Nakata stakes out the grassy lot for several days, waiting for some sign of Goma. One day he meets a black and white cat, Okawa, who warns him that Goma is mixed up in some dangerous business that he’d rather not talk about. That evening, a huge, fierce-looking black dog lumbers into the empty lot. He seems to be beckoning Nakata to follow, and he does. The dog leads Nakata to a neighborhood he’s never seen before, and into the living room of a large stone house. Seated on a swivel chair inside is a mysterious man in a long red coat, black vest, white trousers, and tall black boots. He takes a sip of whiskey and introduces himself as Johnnie Walker.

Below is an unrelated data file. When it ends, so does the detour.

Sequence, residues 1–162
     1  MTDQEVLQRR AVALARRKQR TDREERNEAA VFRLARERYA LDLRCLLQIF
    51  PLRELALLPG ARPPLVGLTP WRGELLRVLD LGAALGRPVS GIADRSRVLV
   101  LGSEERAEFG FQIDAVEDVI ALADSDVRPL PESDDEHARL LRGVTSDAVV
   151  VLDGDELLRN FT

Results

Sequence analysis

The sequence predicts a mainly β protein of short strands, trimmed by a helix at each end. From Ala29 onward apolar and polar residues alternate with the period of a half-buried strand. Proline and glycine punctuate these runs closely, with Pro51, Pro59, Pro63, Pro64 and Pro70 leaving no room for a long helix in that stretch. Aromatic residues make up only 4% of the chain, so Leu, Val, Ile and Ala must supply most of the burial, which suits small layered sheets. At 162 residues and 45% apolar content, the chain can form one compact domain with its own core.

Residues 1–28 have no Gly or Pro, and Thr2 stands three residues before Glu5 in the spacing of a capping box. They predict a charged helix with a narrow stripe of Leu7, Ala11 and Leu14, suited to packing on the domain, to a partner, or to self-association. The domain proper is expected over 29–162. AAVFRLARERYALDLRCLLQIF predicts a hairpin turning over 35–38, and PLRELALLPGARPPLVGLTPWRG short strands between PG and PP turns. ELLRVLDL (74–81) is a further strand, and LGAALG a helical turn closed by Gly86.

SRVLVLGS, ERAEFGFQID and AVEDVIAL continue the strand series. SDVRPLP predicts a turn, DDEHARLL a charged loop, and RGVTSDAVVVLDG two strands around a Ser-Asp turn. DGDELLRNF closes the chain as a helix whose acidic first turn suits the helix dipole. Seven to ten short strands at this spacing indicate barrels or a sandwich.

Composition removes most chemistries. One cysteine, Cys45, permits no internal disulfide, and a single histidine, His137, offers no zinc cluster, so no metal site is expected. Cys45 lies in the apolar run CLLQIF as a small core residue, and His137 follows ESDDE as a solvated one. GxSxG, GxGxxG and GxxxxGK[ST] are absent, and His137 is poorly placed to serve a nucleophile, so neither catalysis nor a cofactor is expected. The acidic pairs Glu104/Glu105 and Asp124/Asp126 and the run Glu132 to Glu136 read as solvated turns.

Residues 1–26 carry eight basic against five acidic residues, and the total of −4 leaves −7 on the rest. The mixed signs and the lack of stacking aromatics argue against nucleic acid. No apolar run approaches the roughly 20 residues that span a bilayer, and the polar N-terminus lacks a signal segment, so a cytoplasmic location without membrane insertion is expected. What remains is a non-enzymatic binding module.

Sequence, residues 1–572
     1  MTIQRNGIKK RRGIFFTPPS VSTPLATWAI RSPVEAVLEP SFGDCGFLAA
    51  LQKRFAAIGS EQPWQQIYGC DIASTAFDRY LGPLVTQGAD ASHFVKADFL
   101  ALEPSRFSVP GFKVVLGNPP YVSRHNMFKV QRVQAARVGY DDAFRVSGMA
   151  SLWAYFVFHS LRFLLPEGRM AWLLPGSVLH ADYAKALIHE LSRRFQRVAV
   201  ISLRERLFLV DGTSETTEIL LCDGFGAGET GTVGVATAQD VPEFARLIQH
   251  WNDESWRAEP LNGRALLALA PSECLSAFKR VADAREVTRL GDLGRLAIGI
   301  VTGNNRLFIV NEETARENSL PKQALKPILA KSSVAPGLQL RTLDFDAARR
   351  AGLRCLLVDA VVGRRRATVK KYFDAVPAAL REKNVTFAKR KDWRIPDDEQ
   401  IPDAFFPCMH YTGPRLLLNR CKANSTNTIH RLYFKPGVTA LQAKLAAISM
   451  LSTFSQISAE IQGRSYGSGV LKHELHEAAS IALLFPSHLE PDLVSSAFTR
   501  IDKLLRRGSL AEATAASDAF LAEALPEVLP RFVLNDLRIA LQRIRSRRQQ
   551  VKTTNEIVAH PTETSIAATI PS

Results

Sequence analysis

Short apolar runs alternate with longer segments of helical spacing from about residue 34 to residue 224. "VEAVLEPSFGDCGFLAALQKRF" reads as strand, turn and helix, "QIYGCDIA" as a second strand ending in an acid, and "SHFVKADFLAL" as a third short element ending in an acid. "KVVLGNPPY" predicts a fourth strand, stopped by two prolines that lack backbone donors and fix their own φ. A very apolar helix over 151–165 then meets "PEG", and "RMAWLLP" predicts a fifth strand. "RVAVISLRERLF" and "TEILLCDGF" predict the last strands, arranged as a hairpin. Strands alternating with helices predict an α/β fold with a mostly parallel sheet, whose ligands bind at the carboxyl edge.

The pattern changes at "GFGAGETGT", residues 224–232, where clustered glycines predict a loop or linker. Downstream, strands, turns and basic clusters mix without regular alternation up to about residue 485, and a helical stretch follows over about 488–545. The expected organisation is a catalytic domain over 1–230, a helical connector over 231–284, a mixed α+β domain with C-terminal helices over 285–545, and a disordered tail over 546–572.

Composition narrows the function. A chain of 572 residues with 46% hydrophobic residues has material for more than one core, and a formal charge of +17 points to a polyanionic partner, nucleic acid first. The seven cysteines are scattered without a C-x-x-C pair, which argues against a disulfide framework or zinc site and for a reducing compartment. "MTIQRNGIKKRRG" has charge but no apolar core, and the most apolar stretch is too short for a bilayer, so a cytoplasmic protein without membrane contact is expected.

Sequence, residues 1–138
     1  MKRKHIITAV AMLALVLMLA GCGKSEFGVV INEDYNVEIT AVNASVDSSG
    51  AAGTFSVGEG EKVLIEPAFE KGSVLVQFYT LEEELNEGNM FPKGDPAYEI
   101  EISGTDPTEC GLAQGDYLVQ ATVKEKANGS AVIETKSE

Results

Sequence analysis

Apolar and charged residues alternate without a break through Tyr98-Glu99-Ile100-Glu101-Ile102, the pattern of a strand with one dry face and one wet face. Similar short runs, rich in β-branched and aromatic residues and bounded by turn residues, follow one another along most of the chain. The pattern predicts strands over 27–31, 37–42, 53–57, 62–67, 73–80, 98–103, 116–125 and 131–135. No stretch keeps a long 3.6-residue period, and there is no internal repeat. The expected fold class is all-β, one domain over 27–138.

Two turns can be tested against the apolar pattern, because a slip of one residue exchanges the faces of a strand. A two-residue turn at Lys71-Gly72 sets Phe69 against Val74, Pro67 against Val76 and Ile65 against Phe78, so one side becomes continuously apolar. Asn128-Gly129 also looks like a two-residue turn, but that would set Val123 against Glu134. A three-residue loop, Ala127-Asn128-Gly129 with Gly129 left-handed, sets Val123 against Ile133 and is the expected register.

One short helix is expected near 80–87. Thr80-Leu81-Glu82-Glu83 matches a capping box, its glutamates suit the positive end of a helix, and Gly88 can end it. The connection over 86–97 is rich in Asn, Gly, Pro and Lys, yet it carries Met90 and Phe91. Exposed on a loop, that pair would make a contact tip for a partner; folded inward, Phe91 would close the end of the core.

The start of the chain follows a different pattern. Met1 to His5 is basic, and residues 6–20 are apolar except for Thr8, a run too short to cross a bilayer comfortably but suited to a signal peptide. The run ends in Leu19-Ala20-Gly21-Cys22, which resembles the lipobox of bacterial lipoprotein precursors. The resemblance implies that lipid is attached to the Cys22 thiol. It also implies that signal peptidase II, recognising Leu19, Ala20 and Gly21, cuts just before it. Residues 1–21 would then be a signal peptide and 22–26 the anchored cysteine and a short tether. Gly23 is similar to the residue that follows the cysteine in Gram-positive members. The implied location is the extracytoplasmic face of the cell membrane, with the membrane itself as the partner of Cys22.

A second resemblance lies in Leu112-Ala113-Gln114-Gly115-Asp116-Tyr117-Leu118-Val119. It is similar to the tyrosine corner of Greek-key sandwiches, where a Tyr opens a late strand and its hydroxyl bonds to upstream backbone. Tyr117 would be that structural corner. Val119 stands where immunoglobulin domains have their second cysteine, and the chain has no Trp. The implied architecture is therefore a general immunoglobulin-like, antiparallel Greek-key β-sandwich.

As he searches for Goma, Nakata demonstrates the relative contentment of his very solitary existence. Meanwhile, the omen-like warnings of the cats—which seemed as if they must be either untrue or exaggerated from a cat’s perspective because of how extreme they were—prove to be true when Nakata is led to the home of a strange man who matches the description provided by the cats.
Johnnie Walker reveals that he has Goma, and that he will give Nakata an opportunity to get her back. But first, he says, they will play a game. Nakata stays silent.
Nakata’s ability to continue supporting himself through the unique business he has established hangs in the balance in this surreal encounter.